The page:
tell you how to cut the mouth or form the toehole.

But Professor Lewin’s adage reminds us that no pipemaker is ever
going to be able to cut those pieces of metal exactly 141.37mm wide. That’s the number I got from my calculator
after rounding tens-of-thousands of a millimeter down to hundredths. You have to understand the uncertainty of
your measurements to get any work done.

**§**

As I take the measurements of
these thousands of organ pipes, I record them on charts we call scale sheets –
one sheet for each rank. I reflect on
how important it is to the success of the organ to get this information
accurately. I’m using a digital caliper
– a neat tool with a sliding scale that measures either inside or outside
dimensions. The LED readout gives me the
dimensions in whatever form I want – I can choose scales that give
inches-to-the-thousandth, inches-to-the-sixty-fourth, or millimeters-to-the-hundredth. I’m using the millimeter scale, rounding
hundredths of a millimeter up to the nearest tenth. As good as my colleagues are and as
accurately as they might work, they’re not going to discern the difference
between a mouth that’s 45.63mm wide from one that’s 45.6mm.

And as accurately as I try to take
and record these measurements, what I’m measuring is hand made. I might notice that the mouth of a Principal
pipe is 16.6mm high on one end and 16.8mm high on the other. A difference of .2mm can’t change the sound
of the pipe that much – so I’ll record it as 16.7. I know the uncertainties of my
measurements. I adapt each measurement
at least twice (rounding to the nearest tenth and adapting for uneven mouth-height)
in order to ensure its accuracy. Yikes!

**§**

Earlier I mentioned how people who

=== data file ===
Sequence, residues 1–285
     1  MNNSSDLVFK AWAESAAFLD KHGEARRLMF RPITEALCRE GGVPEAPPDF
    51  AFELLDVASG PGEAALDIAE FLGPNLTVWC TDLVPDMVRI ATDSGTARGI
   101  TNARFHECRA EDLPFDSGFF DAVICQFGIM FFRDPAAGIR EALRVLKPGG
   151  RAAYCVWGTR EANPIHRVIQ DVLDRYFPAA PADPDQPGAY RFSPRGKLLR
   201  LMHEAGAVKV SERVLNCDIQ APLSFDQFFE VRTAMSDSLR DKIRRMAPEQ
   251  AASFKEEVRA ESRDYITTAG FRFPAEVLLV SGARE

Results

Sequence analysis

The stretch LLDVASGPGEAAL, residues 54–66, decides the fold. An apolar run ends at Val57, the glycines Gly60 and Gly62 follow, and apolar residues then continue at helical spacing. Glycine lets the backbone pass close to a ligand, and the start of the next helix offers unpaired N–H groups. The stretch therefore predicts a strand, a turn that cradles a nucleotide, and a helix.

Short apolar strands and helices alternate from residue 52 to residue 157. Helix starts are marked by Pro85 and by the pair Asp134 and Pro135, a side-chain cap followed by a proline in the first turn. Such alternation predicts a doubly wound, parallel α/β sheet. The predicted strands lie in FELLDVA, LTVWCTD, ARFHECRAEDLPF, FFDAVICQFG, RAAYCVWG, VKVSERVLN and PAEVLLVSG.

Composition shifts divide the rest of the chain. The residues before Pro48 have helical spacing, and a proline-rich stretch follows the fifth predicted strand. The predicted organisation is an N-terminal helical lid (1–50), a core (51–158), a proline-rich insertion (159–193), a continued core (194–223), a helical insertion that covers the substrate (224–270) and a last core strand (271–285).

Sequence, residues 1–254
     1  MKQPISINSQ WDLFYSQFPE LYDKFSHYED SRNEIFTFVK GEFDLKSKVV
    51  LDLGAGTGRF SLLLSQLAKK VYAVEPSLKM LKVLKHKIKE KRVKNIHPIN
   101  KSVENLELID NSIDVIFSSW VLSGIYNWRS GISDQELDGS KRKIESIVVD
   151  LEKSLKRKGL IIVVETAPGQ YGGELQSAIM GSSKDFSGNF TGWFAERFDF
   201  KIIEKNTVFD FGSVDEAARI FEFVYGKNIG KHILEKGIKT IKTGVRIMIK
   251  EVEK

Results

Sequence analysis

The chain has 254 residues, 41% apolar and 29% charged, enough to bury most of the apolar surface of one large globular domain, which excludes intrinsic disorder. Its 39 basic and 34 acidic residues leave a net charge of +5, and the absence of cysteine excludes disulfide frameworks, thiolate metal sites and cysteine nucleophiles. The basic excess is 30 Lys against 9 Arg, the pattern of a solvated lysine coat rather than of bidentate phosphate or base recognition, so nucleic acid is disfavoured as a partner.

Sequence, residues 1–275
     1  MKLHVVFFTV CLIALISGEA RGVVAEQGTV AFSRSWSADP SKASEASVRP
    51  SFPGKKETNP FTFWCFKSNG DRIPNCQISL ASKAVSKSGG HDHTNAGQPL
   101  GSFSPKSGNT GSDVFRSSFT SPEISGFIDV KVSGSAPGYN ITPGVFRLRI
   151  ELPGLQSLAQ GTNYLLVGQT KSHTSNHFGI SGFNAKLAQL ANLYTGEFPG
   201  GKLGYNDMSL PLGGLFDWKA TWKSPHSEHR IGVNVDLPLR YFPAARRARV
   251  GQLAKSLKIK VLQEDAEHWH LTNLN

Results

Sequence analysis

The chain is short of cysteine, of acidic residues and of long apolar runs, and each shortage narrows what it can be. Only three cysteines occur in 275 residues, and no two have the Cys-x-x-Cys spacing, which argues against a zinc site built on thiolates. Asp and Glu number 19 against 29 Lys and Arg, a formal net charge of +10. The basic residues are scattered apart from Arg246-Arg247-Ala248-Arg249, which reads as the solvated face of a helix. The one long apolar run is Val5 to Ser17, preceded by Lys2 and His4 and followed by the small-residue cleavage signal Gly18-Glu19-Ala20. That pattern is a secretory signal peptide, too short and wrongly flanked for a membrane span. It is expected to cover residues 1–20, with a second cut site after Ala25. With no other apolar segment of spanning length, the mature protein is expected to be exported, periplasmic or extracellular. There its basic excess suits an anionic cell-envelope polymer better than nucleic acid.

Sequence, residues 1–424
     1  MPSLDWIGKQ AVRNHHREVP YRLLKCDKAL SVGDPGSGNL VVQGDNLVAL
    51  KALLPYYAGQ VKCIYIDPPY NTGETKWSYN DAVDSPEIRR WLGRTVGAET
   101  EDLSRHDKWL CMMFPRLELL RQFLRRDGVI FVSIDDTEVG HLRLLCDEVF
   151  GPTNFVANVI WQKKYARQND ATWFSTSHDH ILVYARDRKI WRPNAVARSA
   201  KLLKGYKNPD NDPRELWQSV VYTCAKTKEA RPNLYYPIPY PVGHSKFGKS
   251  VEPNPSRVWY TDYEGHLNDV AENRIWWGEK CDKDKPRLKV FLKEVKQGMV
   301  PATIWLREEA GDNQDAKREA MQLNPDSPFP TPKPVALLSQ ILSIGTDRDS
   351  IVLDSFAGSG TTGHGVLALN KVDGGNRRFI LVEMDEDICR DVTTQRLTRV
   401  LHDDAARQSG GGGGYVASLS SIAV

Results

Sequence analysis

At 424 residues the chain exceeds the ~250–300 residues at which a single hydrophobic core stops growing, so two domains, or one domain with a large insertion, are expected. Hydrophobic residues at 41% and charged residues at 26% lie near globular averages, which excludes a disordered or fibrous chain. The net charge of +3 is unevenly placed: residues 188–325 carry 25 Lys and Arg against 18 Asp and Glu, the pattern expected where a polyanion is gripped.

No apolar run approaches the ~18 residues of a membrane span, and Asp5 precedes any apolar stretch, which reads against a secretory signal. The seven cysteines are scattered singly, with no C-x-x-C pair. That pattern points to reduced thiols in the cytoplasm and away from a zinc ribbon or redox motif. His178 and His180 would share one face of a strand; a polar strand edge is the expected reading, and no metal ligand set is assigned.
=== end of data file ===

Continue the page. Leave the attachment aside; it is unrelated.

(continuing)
work with measurements all the time develop a knack for judging them. I’ve been tuning organs for more than
thirty-five years, counting my way up tens of thousands ranks of pipes,
listening to and correcting the pitches, all the time registering the length of
the pipes subconsciously. With all that
history recorded, if I’m in an organ and my co-worker plays a note, I can reach
for the correct pipe by associating the pitch with the length of the pipe.

Π (pi) is a magical
number – that Archimedes ever stumbled on that number as the key to calculating
the dimensions of a circle is one of the great achievements of the human
race. How can it be possibly be true
that πd is the circumference of a circle while πr

^{2 }is the area? Here’s another neat equation. A perfect cone is one whose diameter is equal to its height. The volume of a perfect cone is exactly half that of a sphere with the same diameter. How did we ever figure that one?
There are no craftsmen in any trade who understand π better than
the organ-pipemaker. When you visit a
pipe shop you might see a stack of graduated metal rectangles destined to be
the resonators of a rank of pipes. The
pipemaker knows π as instinctively as I can tell that the first millimeter on
my ruler is too big. Imagine looking at
a tennis ball and guessing its circumference!

**§**

When you’re buying measuring tools you have to pay attention
to accuracy. Choose an accurate ruler by
comparing three or four of them against each other and deciding which one is
most accurate. Choose an accurate level
by comparing three or four of them.
You’ll be surprised how often two levels disagree. Just as mathematics give us the surety of π, so physics gives us
the surety of level. There is only one
true level!

I’ve been showing off all morning about how great I am with
measurements in theory and practice, so I’ll bust it all up with another story
about van windshields. I left the shop
to drive to the lumberyard to pick up a few long boards of clear yellow
pine. They had beautiful rough-cut
boards around thirteen-feet long, eight and ten inches wide, and two inches
thick. Each board was pretty heavy and
as they were only roughly planed it was easy to get splinters from them. I put the first one in the car, resting the
front end on the dashboard right against the windshield. Perfect – the door closed fine, let’s get
another. I slid the second one up on the
first, right through the windshield. Good
eye!